“Every woman here is an inspiration,” said Caitlyn Perry Dial, the museum director at the Michigan Women’s Historical Center & Hall of Fame. Michigan Women’s Historical Center & Hall of Fame is a hidden gem here in the Lansing area. The museum showcases the many historical accomplishments of Michigan women, both deceased and alive. In the museum each woman being acknowledged has her own plaque on the wall with a few paragraphs briefly explaining her remarkable story. On June 10, 1987, the Michigan Women’s Historical Center & Hall of Fame was dedicated to the public.
By Jaylyn Galloway
Listen Up Lansing Staff Reporter
“I play soccer, because I like working on a team to achieve a common goal,” Jackie Baratta, a Lansing resident, said. It is important for girls to play sports to not only get the team experience — which will be important for school projects as well as future work experiences — it is also good mentally and physically, Baratta said. The sentiment of girls getting involved in sports is shared among the Lansing community as a new addition has been made to the Hope Sports Complex/ hill SBC Soccer Club. The club will now have a semi-professional Women’s Premier Soccer League (WPSL) team. “We stopped after high school, now we continue for serious players in the womens’ soccer league,” Julie Mullin, general manager of the complex and owner of the Chill SBC Soccer Club said.
By STEPHANIE HERNANDEZ McGAVIN
The Capital News Service
LANSING — The largest-growing segment of entrepreneurs in the U.S. is minority women, according to the 2015 State of Women-Owned Business Report, a report commissioned by American Express. While some women may not go through college in search of entrepreneurial success, their changing life experiences or personal influences may shape their decisions later on. LeCathy Burston, director of membership and corporate development at the Great Lakes Women’s Business Enterprise Council in Livonia, said women tend to expand their perceptions based on changing life courses. “What I have found is that women evolve into business,” Burst said. “There are very few women that say, ‘Well when I get out of college I’m going to build a logistical or manufacturing company.’ They evolve into it from husbands, fathers, divorces or job challenges.”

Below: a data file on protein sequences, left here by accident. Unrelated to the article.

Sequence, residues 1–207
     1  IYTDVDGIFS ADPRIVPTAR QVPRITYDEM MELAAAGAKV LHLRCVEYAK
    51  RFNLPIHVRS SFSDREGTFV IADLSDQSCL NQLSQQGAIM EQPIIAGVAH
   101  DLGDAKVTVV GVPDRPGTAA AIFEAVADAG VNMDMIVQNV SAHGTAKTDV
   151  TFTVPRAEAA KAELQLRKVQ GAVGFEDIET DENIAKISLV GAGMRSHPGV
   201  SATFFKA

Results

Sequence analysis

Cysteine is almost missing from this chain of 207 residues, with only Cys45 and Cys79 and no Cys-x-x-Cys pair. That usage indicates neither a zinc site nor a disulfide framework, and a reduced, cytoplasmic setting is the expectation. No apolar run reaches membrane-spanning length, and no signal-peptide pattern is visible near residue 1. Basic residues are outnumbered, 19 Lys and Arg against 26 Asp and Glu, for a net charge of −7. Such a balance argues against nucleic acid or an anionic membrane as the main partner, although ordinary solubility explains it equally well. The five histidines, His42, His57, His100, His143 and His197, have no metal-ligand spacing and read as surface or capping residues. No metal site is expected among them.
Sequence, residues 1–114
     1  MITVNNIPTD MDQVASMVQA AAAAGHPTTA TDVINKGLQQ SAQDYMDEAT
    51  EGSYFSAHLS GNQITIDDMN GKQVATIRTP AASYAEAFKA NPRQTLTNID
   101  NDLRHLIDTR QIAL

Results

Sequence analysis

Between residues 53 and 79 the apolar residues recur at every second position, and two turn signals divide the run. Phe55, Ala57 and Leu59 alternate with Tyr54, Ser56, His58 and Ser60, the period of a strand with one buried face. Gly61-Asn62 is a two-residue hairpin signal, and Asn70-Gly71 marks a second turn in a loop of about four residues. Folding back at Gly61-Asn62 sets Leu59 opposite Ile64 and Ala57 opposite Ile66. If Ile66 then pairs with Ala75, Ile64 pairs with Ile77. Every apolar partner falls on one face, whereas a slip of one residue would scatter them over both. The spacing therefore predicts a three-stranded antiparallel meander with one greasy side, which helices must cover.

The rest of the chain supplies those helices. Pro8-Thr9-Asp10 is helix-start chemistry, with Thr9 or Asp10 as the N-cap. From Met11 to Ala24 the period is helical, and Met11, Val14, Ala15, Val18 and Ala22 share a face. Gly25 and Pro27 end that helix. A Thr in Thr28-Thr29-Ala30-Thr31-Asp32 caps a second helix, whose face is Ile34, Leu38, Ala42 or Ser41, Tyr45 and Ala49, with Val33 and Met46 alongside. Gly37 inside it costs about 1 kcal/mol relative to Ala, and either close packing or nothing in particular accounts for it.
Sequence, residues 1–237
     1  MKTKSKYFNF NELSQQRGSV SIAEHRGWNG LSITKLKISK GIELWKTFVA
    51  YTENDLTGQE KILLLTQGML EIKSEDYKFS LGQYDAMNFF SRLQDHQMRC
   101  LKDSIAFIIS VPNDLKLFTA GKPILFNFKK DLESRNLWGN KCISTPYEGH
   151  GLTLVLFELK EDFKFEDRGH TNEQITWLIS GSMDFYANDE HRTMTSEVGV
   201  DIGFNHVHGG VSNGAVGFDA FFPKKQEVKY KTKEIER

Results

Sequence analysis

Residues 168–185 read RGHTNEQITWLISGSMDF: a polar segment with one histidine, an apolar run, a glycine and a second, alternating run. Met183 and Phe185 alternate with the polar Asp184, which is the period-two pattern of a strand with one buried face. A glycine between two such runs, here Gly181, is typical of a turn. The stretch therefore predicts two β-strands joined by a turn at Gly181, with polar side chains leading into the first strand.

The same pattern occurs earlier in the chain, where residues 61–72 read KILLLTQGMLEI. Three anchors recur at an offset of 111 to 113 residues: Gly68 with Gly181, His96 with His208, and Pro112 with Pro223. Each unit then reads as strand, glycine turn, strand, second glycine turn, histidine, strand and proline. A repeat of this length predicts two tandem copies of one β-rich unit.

Additionally, Burst said being a second-generation business owner gives women the confidence and wisdom to be entrepreneurs in their own fields.
By SIERRA RESOVSKY
Capital News Service
LANSING – With Michigan’s food and agriculture system supporting more than 920,000 jobs, 24,795 of those workers operate farms as their primary occupation. Now things are taking a turn in this predominantly and traditionally male field. There are almost one million female farmers in the U.S., and Michigan alone saw a 17.6 percent increase in women in agriculture between 2007 and 2014 according to the U.S. Department of Agriculture (USDA). Shakara Tyler, an undeserved farmer development specialist at Michigan State University, said that although women have always been key players on family farms, now they are the fastest-growing farming population in the country. And they’re finally receiving recognition for their work.